Brexit Bulletin: Is Davis the Problem?By
EU negotiator Barnier says trade talks may be months away
Davis struck a more combative tone than his boss had in Florence
It wasn’t the breakthrough Prime Minister Theresa May hoped for.
Less than a week after May talked up the possibility of concessions in her Florence speech, the fourth round of Brexit talks ended much as it had begun.
EU chief negotiator Michel Barnier welcomed the “new dynamic” that May’s speech last week had created but said trade talks could be put off for months while the divorce terms are hashed out. There was some progress on citizens’ rights, with the two sides agreeing on more than they did a month ago, and Barnier said there had been a “useful” discussion of the financial settlement. Not useful enough, however, as the U.K. still hasn’t said where it thinks it’s on the hook, according to Barnier.
There’s one bright spot looking ahead to October, when EU leaders meet at a summit and the U.K. had hoped to get signoff to start on trade talks. European leaders are considering accepting a U.K. request to bring forward talks about the two-year transition period so it can be discussed alongside the divorce. Initially the transition deal—crucial for U.K. businesses trying to avoid a cliff-edge in March 2019—wasn’t on the agenda until the separation and future relationship had been settled.
May is with fellow EU leaders in Tallinn today and while Brexit was off the menu at dinner last night, she’s expected to raise it with German Chancellor Angela Merkel at a meeting later. She’ll probably flesh out the concessions she made last week, particularly her offer to honor the U.K.’s financial obligations and to abide by EU rules during the transition. The EU side is keen for details, as Brexit Secretary David Davis struck a different chord in talks this week to the more conciliatory tone adopted by his boss in the Florence speech.
That has prompted some head-scratching in Brussels. EU officials had expected more progress given the offers in May’s speech and see Davis still pursuing a more combative stance than his boss, according to a person familiar with the negotiations. Even in public, Davis dashed hopes of a deal on the money as soon as he arrived in Brussels and has also been more hard-line on the issue of the European Court of Justice.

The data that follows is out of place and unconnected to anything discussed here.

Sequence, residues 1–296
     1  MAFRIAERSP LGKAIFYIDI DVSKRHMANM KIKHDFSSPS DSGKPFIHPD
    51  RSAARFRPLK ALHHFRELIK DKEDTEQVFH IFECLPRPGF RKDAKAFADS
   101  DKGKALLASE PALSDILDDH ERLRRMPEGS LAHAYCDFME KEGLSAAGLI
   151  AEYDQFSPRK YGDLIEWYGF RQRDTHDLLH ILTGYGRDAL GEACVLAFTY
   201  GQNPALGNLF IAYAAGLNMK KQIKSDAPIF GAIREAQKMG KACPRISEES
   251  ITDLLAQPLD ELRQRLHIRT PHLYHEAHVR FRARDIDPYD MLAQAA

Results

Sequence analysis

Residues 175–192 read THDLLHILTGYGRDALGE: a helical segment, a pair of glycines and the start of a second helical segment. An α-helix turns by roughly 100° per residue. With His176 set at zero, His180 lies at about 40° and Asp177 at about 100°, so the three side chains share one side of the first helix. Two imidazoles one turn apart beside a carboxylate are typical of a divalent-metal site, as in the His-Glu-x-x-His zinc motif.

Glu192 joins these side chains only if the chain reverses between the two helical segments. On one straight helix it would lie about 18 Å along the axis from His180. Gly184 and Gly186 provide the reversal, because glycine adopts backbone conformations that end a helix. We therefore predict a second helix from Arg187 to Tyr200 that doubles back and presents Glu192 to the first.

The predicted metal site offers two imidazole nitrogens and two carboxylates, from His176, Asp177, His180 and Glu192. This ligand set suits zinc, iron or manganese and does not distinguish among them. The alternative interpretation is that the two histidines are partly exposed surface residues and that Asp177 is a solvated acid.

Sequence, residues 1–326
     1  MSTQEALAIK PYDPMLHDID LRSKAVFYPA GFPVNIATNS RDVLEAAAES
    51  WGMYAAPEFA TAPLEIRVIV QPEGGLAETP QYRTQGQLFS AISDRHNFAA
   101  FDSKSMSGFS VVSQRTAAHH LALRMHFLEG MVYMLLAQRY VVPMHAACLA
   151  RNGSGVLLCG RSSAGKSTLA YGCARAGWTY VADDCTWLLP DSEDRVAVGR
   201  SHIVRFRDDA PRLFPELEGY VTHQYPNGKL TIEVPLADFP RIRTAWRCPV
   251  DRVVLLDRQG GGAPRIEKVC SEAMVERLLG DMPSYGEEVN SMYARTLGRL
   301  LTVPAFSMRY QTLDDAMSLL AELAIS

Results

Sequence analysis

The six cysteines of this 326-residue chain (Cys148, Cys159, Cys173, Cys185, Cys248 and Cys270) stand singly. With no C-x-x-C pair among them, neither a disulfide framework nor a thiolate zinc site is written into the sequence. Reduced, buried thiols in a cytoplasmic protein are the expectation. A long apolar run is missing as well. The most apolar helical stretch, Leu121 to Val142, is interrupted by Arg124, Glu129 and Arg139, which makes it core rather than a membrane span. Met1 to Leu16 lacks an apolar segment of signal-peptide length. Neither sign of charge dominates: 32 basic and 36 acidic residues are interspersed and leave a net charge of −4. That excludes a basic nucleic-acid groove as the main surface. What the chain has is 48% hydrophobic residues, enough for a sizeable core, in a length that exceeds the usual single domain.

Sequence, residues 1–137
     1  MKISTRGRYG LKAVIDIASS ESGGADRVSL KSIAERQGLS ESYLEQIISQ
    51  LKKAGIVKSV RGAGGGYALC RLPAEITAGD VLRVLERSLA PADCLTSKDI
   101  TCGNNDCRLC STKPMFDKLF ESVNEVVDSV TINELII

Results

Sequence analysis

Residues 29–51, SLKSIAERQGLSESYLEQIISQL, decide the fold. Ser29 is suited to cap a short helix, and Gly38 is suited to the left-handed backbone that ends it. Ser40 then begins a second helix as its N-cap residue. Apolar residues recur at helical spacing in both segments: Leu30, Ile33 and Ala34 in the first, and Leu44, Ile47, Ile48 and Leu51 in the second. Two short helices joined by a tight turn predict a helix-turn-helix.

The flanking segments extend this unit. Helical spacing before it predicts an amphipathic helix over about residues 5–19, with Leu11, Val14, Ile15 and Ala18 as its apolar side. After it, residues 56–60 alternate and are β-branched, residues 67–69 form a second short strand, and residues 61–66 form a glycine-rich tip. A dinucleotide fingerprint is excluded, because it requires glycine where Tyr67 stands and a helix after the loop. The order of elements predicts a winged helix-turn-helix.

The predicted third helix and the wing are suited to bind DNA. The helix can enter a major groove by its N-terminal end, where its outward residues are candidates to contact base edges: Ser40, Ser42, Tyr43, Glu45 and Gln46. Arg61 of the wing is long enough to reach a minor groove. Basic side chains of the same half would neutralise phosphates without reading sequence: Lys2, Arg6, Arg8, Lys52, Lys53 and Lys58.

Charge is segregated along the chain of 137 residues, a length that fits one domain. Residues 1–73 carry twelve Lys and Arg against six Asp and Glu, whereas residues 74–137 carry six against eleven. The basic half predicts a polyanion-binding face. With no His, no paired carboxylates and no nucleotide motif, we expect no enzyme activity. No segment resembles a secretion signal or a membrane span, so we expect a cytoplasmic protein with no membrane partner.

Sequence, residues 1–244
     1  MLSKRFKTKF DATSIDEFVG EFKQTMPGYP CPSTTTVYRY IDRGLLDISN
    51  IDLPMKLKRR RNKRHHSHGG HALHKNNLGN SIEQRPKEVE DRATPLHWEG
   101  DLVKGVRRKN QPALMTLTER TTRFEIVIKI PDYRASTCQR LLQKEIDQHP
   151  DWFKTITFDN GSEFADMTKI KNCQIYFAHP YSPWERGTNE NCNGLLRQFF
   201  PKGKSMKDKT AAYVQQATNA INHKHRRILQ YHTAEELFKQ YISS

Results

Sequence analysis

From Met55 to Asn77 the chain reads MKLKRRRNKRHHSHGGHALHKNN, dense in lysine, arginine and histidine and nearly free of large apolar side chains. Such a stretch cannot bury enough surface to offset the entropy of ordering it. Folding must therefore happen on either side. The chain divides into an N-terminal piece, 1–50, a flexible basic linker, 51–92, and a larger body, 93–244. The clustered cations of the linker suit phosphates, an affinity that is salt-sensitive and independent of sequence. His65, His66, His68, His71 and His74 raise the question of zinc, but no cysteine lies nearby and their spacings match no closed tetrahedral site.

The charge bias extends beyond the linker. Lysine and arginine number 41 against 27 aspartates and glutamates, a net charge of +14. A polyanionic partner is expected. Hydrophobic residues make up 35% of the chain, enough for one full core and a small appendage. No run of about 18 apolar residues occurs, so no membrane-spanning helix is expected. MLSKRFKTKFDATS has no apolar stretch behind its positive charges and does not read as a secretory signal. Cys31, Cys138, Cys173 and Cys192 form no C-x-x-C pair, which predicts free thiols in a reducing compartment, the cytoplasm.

More divisions will almost certainly be on display next week as the Conservatives go into their party conference, with a poll showing a majority of Tory members want May out by the time of the next election.
Balkan Lesson | The Irish border question is one of thorniest in the Brexit talks: how to avoid a hard international border carving up the island of Ireland. The answer may lie in the Balkans, where the EU has allowed for exceptions so that locals and small cargoes can travel freely across the bloc’s border.
Carney Carries On | The BOE governor won’t let criticism from politicians stop him talking about Brexit. “We will continue to assess and express our independent assessment of the risks,” Carney said on Thursday, as he and the bank marked 20 years of independence.
Bank Transition | British regulators are considering a transition period before implementing a new authorization system for non-U.K. banks after Brexit, Andrew Bailey, the Financial Conduct Authority’s CEO, said in an interview.
Parliament Obstacles | May faces fresh difficulties getting her EU withdrawal bill though parliament after lawmakers in the upper house demanded changes to its provisions for parliamentary scrutiny.
Banks Leaving | May’s proposal last week for a transition period wasn’t enough for big banks. They are forging ahead with plans to create trading hubs elsewhere in the EU, according to people with knowledge of the situation.
Bosses and Workers Unite | The Confederation of British Industry and the Trades Union Congress came together on Thursday in an unusual step to call on the government to make progress on the issue of EU citizens’ rights after “15 months of human poker.”
On the Markets | The pound strengthened on Thursday as investors focused on Barnier’s words about the “new dynamic” in talks. Still, the options market shows investors have gloomier about the pound’s future this week.
Guy Verhofstadt, the plain-speaking Brexit negotiator for the European Parliament, couldn’t resist a dig at Theresa May for her party’s internal strife.
Speaking at the London School of Economics on Thursday night, he joined the long list of wags who’ve had fun with May’s choice of location for her big Brexit speech.
“She chose Florence because Florentine politics in the 15th century make her feel at home, I think. Backstabbing, betrayal, noble families fighting for power.”